It was the early-1980s, music videos had emerged at the intersection of technology and popular culture. Music videos were all the rage, and MTV was the hippest cable-TV channel on the planet.
But nowadays, MTV is just one of many cable-TV and online channels competing for the eyes and ears of young people. Viacom's flagship network is no longer a cutting-edge source for music or entertainment. Viewership, especially among the 20-and-30-year-old Millennials that marketers covet, has been on a steep and steady decline.
"MTV seems to have lost its allure," said Jaleesa Jones, 21, a communication studies major at the University of North Carolina in Chapel Hill, N.C. "TV is less popular now because we have so many other outlets to choose from, like Netflix (NFLX), Hulu and HBO Go."
MTV's audience has been shrinking just as mobile viewing by Millennials has accelerated the move by marketers to spread more of their money on an assortment of Internet-based video channels. In 2013, an average of 542,000 persons ages 18-49 tuned in to MTV during prime-time hours, according to Nielsen. In 2014, that number dropped to 497,000 persons, and so far in 2015, it sits at 361,000 -- a 34% decline rom just two years ago, Nielsen data shows.
MTV's declining audience presents a major problem for Viacom, which uses the network to market its other youthful networks including, Spike, Comedy Channel and VH1. No wonder that Viacom is reeling, its stock has lost 18% over the past 12 months.
Earlier this week, Viacom said it would take a $785 million charge on a group of acquired re-runs including CSI, Entourage, and Community, all of which ran at one time on MTV. Stung by declining ad revenue, Viacom is laying off as many as 400 employees, part of a sweeping restructuring plan intended to save the company close to $350 million a year.
The network's stumbling may have been inevitable, tastes change and newer brands tend to have greater appeal to younger audiences. MTV's problems have been complicated by questions as to whether Nielsen is accurately measuring viewing on mobile devices, a point that CEO Philippe Dauman has made into something of a personal campaign.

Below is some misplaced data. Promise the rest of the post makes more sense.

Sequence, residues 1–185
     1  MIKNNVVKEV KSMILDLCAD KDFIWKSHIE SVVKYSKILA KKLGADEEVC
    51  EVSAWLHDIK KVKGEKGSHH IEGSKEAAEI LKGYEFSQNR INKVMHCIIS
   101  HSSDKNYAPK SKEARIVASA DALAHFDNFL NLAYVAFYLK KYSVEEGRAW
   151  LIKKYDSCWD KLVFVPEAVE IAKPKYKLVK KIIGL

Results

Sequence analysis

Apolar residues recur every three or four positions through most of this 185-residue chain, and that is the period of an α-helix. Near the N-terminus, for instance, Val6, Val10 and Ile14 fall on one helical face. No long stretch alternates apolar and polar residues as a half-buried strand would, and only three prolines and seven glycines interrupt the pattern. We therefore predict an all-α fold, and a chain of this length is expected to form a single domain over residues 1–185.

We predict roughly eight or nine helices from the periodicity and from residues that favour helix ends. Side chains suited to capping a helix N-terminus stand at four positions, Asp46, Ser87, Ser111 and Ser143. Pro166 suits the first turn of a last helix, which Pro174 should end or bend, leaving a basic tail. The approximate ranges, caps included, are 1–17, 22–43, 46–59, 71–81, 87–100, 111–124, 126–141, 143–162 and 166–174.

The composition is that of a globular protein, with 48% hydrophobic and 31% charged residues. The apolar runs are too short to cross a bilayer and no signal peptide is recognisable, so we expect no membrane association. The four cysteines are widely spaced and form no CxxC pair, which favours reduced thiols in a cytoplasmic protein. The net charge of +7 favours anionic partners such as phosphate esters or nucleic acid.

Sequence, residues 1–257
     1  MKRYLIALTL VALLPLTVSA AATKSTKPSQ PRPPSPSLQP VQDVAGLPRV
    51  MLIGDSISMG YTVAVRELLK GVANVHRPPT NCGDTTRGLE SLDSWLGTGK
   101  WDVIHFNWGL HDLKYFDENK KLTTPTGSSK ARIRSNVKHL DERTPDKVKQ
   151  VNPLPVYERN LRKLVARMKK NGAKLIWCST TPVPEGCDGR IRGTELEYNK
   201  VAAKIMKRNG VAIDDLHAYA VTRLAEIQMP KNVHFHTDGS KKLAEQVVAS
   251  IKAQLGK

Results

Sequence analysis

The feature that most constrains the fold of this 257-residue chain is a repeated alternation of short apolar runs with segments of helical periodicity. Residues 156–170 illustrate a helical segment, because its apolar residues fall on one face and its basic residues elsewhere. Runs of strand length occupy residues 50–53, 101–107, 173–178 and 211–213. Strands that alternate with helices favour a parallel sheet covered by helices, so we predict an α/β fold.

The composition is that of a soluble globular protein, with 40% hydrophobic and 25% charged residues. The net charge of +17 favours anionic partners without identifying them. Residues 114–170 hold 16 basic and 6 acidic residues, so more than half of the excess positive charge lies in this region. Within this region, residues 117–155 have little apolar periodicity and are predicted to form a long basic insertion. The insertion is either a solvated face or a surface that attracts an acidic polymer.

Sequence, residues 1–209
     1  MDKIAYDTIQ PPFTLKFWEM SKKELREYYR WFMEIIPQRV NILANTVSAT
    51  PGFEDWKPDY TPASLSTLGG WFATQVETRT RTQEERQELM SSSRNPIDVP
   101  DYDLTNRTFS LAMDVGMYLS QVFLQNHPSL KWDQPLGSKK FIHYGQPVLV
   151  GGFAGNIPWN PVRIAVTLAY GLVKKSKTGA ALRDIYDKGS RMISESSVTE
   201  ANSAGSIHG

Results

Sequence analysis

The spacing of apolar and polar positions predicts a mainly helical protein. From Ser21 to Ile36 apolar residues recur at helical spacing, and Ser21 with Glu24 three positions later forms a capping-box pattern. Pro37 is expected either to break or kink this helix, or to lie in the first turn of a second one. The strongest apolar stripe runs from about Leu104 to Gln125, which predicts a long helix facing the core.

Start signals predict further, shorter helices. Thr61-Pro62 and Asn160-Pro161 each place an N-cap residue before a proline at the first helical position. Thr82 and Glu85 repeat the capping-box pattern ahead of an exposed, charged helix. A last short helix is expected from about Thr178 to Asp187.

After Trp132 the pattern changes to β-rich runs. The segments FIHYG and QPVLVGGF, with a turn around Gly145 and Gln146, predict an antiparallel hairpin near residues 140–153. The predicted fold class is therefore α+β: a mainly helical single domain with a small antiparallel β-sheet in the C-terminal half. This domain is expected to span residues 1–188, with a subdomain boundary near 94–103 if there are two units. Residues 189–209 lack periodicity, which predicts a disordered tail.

"There's a tendency with Millennials to avoid establishing a relationship with a cable provider, at all costs," Joseph Abruzzo, chief exploration officer at Havas Media North America, said in a phone interview from New York. "Millennials aren't going to pay for shows they won't watch, and everything they want nowadays can be found online."
That translates into less time watching linear television and more time on sites such as Google's (GOOG) YouTube, Netflix, Facebook and VEVO, among many others. To win over Millennials, networks must offer programming that is at once edgy and well-produced. Reality television no longer draws. Some of the most-talked-about shows on Twitter include The Walking Dead on the AMC Networks (AMCX), Game of Thrones on Time Warner's (TWX) HBO, Pretty Little Liars on Disney's (DIS) ABC Family, and American Horror Story on 21st Century Fox's (FOXA) FX network.
"Traditional media must rethink their strategies in order to stay competitive," Michelle Lynn, chief insights officer of Dentsu Aegis Network Americas, said in a phone interview. "Everything is competing for your time today, and with mobile you can tap into anything...wherever and whenever."
MTV's programming has struggled to capture Millennial audiences. Shows like Catfish, Broke A$$ Game Show, Awkward and Eye Candy are criticized for offering characters and plot lines that are juvenile, trashy or just plain vulgar.
"People stay glued to the TV for Scandal or Empire," said the UNC student Jones, referencing shows on ABC and Fox. But what does MTV really have to offer these days? The channel hasn't had a major hit since Jersey Shore -- and hardly."
Here are five shows Millennials are watching instead of MTV: